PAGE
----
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Brookings Papers on Economic Activity, Spring 2018 Edition

The Brookings Papers on Economic Activity (BPEA) is an academic journal published twice a year by the Economic Studies program at Brookings. Each edition of the journal includes five or six new papers on macroeconomic topics currently impacting public policy.

Below you’ll find six new papers submitted to the Spring 2018 journal and presented at Brookings on March 8-9. The papers include a look at place-based employment interventions to save America’s heartland, the effects of automation on jobs and wages, remaining systemic risks in the mortgage market, the macroeconomic effects of the 2017 tax bill, and much more.

The final, peer-reviewed versions of each paper will be published later this year. Sign up here to learn more about subscribing to the journal to read the final papers. Visit the BPEA search page or the best of BPEA to browse research presented at past conferences from 1970 to present.

Chrysler auto assembly workers work on the line assembling chassis for Jeep Grand Cherokees and Dodge Durangos at the Chrysler Jefferson North Assembly plant in Detroit, Michigan.

The slow-down in economic convergence across the U.S. and the concentration of long-term male joblessness in pockets of despair requires place-based policies that target jobless hotspots, according to new research published in the Brookings Papers on Economic Activity (BPEA) by Harvard’s Benjamin Austin, Edward Glaeser, and Larry Summers.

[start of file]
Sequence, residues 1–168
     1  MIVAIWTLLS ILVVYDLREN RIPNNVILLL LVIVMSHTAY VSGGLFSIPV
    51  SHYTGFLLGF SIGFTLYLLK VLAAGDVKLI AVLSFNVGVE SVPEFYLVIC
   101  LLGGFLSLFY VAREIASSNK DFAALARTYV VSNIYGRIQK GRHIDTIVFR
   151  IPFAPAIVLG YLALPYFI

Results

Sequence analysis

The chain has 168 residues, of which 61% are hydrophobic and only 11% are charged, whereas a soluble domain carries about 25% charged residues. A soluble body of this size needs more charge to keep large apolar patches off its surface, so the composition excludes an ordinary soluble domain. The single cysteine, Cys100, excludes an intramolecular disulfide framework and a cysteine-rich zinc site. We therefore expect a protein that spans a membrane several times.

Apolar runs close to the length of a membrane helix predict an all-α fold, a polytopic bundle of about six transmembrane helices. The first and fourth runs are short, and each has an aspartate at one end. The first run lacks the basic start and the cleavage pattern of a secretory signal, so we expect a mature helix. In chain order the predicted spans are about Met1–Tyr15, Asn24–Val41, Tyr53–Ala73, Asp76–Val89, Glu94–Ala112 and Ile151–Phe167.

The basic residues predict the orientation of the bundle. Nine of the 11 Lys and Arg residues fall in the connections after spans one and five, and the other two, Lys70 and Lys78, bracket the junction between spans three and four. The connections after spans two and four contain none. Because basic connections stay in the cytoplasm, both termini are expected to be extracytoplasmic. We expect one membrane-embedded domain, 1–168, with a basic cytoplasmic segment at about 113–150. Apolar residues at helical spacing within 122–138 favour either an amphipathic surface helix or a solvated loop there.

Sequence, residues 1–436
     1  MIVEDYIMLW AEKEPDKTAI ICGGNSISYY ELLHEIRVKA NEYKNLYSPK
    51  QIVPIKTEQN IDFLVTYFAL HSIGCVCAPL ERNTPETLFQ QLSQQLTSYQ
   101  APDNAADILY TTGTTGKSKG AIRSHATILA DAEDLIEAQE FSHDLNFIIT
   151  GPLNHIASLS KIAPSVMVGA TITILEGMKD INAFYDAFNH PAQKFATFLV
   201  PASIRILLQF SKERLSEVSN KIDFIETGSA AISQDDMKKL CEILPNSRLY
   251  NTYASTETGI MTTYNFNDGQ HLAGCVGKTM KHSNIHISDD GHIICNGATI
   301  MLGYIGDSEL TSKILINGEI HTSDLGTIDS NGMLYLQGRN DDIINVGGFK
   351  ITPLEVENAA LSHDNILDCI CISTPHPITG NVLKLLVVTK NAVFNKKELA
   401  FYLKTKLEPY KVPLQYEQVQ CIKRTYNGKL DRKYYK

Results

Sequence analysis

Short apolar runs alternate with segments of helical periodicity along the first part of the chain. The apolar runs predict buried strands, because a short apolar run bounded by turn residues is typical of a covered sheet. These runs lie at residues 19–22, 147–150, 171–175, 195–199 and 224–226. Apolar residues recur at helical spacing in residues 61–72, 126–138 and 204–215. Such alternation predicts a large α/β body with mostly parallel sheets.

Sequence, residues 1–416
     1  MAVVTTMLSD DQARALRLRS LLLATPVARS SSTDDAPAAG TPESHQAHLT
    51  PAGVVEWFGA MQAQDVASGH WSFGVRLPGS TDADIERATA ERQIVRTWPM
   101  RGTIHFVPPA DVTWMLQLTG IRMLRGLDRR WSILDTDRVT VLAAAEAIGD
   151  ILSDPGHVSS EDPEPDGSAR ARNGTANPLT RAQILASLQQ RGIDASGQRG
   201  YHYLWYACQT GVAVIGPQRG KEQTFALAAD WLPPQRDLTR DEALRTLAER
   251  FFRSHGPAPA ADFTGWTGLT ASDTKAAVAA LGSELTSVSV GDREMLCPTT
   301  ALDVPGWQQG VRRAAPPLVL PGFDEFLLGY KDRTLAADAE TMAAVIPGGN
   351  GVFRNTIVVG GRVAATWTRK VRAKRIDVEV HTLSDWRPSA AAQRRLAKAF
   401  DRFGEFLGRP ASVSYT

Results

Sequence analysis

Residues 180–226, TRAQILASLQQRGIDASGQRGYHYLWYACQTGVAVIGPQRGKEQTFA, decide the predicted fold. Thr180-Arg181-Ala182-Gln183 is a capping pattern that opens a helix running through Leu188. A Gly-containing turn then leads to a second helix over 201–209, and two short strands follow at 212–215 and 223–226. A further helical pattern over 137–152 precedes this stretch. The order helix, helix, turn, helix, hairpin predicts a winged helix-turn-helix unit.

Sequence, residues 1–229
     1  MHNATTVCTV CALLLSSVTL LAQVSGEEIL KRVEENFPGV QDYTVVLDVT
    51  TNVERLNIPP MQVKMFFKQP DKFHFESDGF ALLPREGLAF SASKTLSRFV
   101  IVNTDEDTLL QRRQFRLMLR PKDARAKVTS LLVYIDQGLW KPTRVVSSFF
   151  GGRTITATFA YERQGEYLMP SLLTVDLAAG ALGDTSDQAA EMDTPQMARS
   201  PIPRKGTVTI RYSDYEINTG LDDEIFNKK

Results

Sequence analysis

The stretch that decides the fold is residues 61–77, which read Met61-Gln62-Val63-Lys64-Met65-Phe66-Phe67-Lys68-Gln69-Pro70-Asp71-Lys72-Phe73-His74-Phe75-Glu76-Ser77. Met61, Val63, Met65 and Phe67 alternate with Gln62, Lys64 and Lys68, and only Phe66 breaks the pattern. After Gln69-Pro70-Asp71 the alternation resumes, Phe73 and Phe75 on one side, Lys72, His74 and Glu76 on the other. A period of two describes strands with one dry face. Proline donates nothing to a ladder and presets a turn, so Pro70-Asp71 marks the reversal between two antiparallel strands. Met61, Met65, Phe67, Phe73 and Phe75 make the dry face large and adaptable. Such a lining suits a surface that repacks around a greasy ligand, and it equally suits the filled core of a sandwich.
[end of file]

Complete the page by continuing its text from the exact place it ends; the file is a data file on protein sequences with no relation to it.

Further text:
Automation has not reduced aggregate employment—rather, it has created more jobs than it has displaced—but the fruits of these innovations have not raised labor earnings by nearly as rapidly as they’ve raised productivity, according to new research by MIT’s David Autor and Utrecht University’s Anna Salomons. 

Children are reflected in a vehicle's rear-view mirror.

Virtually all gains in spending on the social safety net for children since 1990 have gone to families with earnings. The poorest children, whose parents have no earned income, have seen a decrease in benefits from $48 billion in 1990 to $32 billion in 2015, according to new research from Hilary Hoynes of the University of California, Berkeley and Diane Schanzenbach of Northwestern University.  

U.S. Dollar notes are seen.

A boom in nonbank mortgage lending has exposed the mortgage market to unacknowledged liquidity risk, according to new research by You Suk Kim, Steven M. Laufer, and Karen M. Pence of the Federal Reserve Board and Richard Stanton and Nancy E. Wallace of the University of California, Berkeley. 

Townhomes line a street in Fairfax.

In a new paper that considers several proposals for redesigning the current mortgage market to provide more efficient debt relief to homeowners in times of crisis, Columbia University’s Tomasz Piskorski and Stanford University’s Amit Seru stress the challenges posed by the varying nature of economic conditions across the country over time and how those conditions interact with housing markets. 

Tax documents are seen prior to a House Ways and Means Committee markup of the bill.

The 2017 Tax Cuts and Jobs Act is estimated to raise the GDP growth rate by 0.9 percentage points a year over the next two years, finds Harvard University’s Robert Barro and Jason Furman as part of a broader analysis of the long-term economic impact of the tax changes.

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